Another method that can be used  to stratify trees is by putting the seeds in a baggie or bowl with some potting soil. Wet the soil slightly and then stick it in the refrigerator for four to six weeks. Be sure to label and date the container. I have left them in for longer than six weeks and the seeds just mushed up and were not suitable to use. Be sure not to make the soil too wet, that will also ruin the seeds. I have finally figured out how to stratify seeds successfully using this method, but still find it easier for to just put them in pots outside.

These are some that I have started in my refrigerator. I will be sticking them outside soon so that I can let old man winter work his magic.

How To Plant Fruit Trees

  1. Choose your location.
  2. Dig the hole to twice the size of the root ball.
  3. Bury the tree to just beneath where the roots meet the tree.
  4. Fill the hole back in with the same dirt that came out of the hole.
  5. Water the tree.
  6. Stake the tree with a T-post or some rebar and tie it with some string so that it will grow straight.
  7. Leave the tag on the tree or at least record the breed of tree that was planted and its location for your records. I recommend recording your trees information because the tag will eventually likely fall off and be lost.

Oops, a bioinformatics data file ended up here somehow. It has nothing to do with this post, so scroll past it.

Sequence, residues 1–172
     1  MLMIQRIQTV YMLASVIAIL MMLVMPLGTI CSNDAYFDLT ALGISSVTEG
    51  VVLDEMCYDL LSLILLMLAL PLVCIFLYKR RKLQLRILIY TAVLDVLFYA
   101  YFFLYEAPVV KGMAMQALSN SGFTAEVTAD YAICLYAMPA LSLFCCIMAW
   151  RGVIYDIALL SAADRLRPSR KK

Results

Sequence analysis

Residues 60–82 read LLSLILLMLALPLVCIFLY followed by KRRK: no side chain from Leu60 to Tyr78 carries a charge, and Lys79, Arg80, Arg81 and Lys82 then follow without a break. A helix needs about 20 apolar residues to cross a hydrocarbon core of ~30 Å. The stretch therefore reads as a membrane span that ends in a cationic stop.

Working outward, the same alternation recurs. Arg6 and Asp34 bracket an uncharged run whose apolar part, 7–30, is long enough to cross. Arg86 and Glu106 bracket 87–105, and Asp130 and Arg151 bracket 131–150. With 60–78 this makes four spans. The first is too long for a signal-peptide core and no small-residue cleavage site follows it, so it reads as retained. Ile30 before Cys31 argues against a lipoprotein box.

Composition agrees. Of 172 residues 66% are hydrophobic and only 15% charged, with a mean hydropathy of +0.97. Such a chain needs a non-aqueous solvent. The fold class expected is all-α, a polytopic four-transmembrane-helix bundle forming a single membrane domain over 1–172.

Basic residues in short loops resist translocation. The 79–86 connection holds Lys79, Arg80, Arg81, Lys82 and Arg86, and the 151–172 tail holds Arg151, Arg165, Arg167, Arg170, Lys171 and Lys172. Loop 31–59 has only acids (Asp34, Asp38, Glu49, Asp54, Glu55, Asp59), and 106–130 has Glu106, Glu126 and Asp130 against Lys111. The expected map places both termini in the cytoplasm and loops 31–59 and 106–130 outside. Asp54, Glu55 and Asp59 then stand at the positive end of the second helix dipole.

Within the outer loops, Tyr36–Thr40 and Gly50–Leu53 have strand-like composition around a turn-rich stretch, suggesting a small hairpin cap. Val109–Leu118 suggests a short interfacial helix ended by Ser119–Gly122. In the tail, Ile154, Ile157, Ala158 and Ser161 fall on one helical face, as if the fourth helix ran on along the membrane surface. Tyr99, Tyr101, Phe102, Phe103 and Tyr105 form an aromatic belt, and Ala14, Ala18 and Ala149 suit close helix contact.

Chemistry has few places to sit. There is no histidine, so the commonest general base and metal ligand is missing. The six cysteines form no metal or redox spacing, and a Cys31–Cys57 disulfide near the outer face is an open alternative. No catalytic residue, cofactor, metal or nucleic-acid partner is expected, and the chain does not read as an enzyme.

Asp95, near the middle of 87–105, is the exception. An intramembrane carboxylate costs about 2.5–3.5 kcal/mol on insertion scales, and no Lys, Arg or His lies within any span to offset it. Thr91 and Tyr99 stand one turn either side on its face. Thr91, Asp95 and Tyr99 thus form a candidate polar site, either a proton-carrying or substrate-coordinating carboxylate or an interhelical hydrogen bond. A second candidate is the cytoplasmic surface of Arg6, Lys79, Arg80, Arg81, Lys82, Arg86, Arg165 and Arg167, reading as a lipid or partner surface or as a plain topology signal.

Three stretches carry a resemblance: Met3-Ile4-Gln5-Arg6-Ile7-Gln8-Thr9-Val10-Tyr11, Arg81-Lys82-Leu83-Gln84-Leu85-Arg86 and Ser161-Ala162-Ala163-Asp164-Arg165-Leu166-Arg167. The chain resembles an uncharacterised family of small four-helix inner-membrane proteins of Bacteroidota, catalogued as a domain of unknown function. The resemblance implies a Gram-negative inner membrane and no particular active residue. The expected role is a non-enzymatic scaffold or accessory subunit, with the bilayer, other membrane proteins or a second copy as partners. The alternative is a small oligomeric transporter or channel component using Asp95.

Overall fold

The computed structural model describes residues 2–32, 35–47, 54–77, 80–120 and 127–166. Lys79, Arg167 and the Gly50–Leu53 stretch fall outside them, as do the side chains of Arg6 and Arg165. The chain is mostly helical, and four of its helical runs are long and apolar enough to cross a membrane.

You don’t have to start your own trees from seeds or even young starts. You can purchase them from your local nursery or even online from a more cultivated stage – but the more advanced the tree, the higher the price tag. Always be sure that the fruit trees in your cart are the breeds that will thrive in your area.

Harvest Time

Not all fruits will ripen at the same time. To test the fruit for ripeness by looking at its color, size, and taste. Once a fruit becomes ripe it will not get any sweeter. The fruit will usually ripen within a two to three week span.

There are different varieties of fruit that ripen in different seasons. There are early season, mid-season, and late season harvest times. It is ideal to have trees that will ripen at different times so that you can enjoy each fruit and not be over ran with them all. You need to closely monitor the fruit grove and check each tree regularly to be make sure you do not miss the prime picking time.

After the fruit is harvested then you want to use it while it is still fresh. Cherries and plums will go bad quickly as their season of use isn’t that long. On the other hand apples and pears will last a little longer after picked. Be sure not to waste all of that delicious fruit, eat it, cook it or preserve it for later to make it a low-cost and shelf-stable survival food.

The harvest is the best time of the year in the fruit orchard for me. I love to harvest the food that my family and I have watched grow and cared for. My kids will snack as we pick. I just love to hear them talk about which fruit they think is better and see the pride in their eyes as the fruits of our labor have been realized.